Some notes before tomorrow’s Bank of Canada interest rate announcement and the live chat here at Maclean’s.
1. So are we in a recession or not?
Maybe. There’s no really useful definition of recession that I’m aware of that can be applied to data. We think of recessions as sustained, generalized reductions in economic activity, and using two consecutive quarters of negative GDP growth can be a useful rule of thumb. But it’s not a hard-and-fast criterion: There’s really not much difference between an economy that contracts at 0.1 per cent for two consecutive quarters and one that grows at 0.1 per cent for two consecutive quarters. The decision is largely subjective. The CD Howe Business Cycle Council (of which I’m a member) is based on a collective consensus, which is also the technique used by the U.S. National Bureau of Economic Research.
So I’m going to try to avoid the question directly. But it’s worth noting that the CD Howe chronology also distinguishes recessions by severity, going from Category 1 (mild) to Category 5 (most severe); the 2008-09 recession was placed in Category 4. If the current episode does end up being classified as a recession, it would likely be ranked as less severe than Category 4.
Here is how employment and monthly GDP evolved during 2007-09:
If the current episode is a recession, a plausible candidate for the peak is December 2014; monthly GDP has declined in the four months since then. I’ve kept the same vertical scale.
Another indicator I like to look as is initial EI claims. These data have significant seasonal patterns, but you can see the pronounced spikes in 2008-09. There’s not much to see in the most recent data, though. EI claims jumped up a bit in February and March of 2015, but they fell back to their usual seasonal levels in April.
It’s a different story in Alberta. EI claims there are following the same pattern they did in 2008-09.
2. Okay then, why are we even asking why we might be in a recession?
As you must have heard by now, the answer to this question is that the prices of oil and other resources fell. The mechanics of how changes in oil prices affect the Canadian economy are a bit tricky, and you have to go beyond the standard macroeconomic framework in which there is only one good: GDP. If you missed it, you might want to look at my beer-and-pizza analogy. It turns out that looking at GDP alone doesn’t capture the full effect of the fall in resource prices; you have to look at Gross Domestic Income (GDI), as well.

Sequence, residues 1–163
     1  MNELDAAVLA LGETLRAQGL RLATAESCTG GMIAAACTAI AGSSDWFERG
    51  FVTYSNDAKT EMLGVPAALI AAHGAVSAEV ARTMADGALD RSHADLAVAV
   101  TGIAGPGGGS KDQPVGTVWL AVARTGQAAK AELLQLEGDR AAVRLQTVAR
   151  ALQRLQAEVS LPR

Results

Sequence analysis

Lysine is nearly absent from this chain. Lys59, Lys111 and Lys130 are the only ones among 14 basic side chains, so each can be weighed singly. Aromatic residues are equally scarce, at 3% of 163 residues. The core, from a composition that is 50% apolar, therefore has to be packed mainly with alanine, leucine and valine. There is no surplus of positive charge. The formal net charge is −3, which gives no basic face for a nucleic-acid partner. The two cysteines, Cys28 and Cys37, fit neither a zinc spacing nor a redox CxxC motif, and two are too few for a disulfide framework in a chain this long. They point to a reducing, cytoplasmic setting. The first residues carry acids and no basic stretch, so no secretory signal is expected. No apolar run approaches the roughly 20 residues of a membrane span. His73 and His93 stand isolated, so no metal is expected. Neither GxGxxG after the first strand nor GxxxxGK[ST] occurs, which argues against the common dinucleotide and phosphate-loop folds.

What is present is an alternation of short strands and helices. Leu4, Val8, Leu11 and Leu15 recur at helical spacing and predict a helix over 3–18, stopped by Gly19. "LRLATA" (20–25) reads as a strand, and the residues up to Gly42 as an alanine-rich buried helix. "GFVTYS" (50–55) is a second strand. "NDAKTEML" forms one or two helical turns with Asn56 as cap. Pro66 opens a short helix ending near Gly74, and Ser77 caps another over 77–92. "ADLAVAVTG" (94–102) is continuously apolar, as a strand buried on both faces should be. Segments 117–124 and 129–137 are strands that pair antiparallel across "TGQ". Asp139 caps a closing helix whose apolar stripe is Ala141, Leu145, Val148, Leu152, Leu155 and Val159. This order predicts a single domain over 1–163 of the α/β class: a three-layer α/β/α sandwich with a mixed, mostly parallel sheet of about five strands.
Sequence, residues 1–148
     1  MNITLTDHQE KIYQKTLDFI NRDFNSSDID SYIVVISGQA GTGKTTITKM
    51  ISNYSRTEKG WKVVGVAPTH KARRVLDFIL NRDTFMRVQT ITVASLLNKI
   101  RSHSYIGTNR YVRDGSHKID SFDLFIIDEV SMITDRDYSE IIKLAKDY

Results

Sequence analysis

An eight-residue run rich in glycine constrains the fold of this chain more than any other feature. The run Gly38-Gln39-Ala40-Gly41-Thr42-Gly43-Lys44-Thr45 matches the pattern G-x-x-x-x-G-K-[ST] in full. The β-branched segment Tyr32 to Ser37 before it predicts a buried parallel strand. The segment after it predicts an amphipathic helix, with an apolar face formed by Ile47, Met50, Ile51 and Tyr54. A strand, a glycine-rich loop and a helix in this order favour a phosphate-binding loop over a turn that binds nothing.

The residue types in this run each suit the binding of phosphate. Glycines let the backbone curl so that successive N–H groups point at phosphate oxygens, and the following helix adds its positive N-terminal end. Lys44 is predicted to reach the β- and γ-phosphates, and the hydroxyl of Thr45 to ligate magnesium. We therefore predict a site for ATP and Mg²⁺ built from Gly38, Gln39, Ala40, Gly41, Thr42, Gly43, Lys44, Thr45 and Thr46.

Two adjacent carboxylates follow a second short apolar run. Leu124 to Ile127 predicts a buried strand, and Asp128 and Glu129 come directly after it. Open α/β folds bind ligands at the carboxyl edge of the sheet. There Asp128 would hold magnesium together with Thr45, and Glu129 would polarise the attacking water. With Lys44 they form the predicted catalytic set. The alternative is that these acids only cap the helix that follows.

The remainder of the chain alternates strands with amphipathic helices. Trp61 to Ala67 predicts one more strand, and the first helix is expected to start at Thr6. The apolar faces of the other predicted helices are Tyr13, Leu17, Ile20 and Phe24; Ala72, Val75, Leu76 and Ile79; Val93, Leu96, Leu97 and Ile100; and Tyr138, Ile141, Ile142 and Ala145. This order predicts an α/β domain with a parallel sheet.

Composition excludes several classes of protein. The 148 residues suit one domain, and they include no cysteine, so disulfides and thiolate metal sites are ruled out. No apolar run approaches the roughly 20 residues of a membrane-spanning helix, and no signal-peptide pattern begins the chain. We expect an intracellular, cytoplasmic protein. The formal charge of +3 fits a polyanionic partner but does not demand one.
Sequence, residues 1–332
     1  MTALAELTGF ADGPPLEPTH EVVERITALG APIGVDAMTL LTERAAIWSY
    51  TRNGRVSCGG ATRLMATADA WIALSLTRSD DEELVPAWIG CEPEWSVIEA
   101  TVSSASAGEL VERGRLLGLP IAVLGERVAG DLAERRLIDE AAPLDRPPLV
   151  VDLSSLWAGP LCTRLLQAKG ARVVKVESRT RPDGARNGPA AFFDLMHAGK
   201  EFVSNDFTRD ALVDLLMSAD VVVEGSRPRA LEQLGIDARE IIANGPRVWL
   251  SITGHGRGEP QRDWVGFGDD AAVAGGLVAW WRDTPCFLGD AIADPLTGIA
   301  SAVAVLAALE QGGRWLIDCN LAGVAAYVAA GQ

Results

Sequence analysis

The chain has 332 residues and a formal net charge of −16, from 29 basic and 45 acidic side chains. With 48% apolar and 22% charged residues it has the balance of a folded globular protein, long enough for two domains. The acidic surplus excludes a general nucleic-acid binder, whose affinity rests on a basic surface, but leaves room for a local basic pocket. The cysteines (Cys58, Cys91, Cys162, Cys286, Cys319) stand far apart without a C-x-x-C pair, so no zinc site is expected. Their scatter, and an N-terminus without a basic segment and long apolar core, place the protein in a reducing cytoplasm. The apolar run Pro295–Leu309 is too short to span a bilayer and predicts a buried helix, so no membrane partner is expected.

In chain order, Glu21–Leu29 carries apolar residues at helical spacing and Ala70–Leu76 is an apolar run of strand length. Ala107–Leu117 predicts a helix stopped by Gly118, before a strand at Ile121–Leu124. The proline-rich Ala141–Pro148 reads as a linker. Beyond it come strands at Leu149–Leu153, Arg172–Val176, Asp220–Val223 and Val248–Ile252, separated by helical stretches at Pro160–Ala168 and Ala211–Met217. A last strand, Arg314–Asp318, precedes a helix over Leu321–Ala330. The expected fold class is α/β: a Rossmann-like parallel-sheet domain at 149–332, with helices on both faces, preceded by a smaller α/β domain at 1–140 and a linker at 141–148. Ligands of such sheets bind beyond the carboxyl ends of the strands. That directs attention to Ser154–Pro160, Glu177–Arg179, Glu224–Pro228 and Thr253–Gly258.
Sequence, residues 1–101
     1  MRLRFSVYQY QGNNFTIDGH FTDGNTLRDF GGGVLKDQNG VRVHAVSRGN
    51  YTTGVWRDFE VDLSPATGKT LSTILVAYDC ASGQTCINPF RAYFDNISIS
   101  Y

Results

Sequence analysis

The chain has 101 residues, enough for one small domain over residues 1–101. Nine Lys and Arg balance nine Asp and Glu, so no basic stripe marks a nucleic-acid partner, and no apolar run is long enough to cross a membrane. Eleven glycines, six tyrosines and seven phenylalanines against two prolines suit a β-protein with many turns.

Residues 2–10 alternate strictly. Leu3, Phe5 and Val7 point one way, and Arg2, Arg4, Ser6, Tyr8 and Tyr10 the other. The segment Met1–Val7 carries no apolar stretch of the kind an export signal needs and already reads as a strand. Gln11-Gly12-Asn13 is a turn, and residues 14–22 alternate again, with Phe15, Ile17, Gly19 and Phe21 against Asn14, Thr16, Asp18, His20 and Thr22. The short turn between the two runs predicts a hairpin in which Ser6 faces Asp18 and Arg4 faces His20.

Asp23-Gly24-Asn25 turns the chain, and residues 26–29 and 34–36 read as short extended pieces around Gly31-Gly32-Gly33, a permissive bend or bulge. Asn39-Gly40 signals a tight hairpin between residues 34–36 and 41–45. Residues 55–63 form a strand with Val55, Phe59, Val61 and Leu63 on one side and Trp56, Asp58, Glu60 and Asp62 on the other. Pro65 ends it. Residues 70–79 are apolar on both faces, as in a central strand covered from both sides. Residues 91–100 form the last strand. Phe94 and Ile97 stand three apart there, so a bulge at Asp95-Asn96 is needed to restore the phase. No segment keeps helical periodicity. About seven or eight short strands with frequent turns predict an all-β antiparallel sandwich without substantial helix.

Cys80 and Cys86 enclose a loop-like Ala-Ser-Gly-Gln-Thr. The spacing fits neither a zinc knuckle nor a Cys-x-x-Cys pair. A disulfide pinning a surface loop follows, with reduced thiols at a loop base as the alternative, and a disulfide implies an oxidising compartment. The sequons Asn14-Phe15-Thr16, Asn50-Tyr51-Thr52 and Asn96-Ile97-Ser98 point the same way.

What’s happened is that, even though production has held more or less steady, the prices we’re receiving for what we produce have fallen. This has the same effect as a wage cut: Even if economic activity (hours worked) holds steady, incomes fall. GDI fell a bit in 2014Q4 and by a lot in 2015Q1:
3. Wow. So does this mean the Bank of Canada will cut interest rates?
No. Or, at least, if the Bank does cut interest rates, this is not why. For Canada, a fall in resource prices reduces our terms of trade: the ratio of export prices to import prices. An increase in the terms of trade increases our buying power, even if export quantities stay the same—and a decrease in Canada’s terms of trade reduces our purchasing power (see the fall in GDI).
Probably the most famous example of a large, negative terms of trade shock is the United States after the oil price spike in 1973:
A useful way of looking at international trade is as a form of technology: Ss far as Canada is concerned, the rest of the world is an enormous, magical black box that somehow transforms potash into iPhones. Increasing terms of trade has the same effect as technical progress, and decreasing terms of trade can be interpreted as a form of technical regress.
The story of what happened next is well-known. When the U.S. was hit with a negative terms-of-trade shock, it tried applying the usual countercyclical measures to stimulate aggregate demand—and they didn’t work. The once-stable Phillips Curve—which offered a tradeoff of higher inflation in exchange for lower unemployment—had disappeared. This puzzle generated a flurry of research and several Nobel prizes, and one of the things that came out is that increasing aggregate demand (expansionary fiscal policy and/or expansionary monetary policy) will not offset a negative productivity shock.
And it looks as though a negative productivity shock is what we’re going through. Even if you don’t look at the terms of trade, falling GDP, combined with steady employment, means that labour productivity (the ratio of GDP to labour inputs) has fallen. Add to this the 7.7 per cent drop in Canada’s terms of trade since 2014Q1, and you have a story in which much of the problem is being generated by a negative productivity shock.
If there’s a silver lining, the Bank of Canada’s commodity price index appears to have levelled off since March, so the GDI news in 2015Q2 doesn’t look as though it will be as bad as it was in 2015Q1.
4. Oh. So does that mean the Bank of Canada won’t decrease interest rates?
It still might. Although inflation has been increasing in the past few months (which is, incidentally, one of the things you might expect from a negative productivity shock), the Bank may want to see inflation establish itself above target for a while, before it’s confident that the last vestiges of disinflation have been worked out of the Canadian economy. Moreover, the chances of another financial crisis cannot be ruled out.
5. What do you think the Bank of Canada should do?
If I were a member of the Governing Council, my vote would be for no change. But if everyone else favoured a rate cut, I wouldn’t argue very hard.